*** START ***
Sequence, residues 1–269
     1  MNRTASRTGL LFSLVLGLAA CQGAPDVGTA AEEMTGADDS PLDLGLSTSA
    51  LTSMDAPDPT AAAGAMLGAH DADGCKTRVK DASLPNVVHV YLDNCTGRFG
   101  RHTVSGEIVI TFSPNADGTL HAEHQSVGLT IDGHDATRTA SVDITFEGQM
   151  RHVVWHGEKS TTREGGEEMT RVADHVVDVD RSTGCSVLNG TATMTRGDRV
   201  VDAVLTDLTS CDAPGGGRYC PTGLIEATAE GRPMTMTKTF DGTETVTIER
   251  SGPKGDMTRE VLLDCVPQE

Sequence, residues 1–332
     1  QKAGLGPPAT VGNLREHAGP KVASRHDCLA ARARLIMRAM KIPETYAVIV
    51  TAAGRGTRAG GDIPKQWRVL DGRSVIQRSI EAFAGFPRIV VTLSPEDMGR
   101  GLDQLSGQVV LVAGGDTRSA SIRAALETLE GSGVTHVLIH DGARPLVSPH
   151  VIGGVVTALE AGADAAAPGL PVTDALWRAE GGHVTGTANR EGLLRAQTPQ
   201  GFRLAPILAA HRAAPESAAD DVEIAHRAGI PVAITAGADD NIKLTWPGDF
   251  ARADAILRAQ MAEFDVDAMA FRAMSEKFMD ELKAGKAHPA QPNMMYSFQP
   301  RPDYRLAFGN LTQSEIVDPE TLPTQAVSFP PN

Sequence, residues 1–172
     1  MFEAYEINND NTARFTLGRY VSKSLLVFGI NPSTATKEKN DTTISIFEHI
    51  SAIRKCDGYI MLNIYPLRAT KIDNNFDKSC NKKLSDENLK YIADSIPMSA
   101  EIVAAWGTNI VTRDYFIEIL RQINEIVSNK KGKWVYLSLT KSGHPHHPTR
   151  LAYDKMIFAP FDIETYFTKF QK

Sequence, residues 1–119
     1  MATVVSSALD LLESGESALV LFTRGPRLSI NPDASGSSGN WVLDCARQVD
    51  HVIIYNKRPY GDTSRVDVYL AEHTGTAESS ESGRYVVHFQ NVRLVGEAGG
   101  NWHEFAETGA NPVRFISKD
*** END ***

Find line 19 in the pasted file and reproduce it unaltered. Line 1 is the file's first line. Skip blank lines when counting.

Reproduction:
   101  EIVAAWGTNI VTRDYFIEIL RQINEIVSNK KGKWVYLSLT KSGHPHHPTR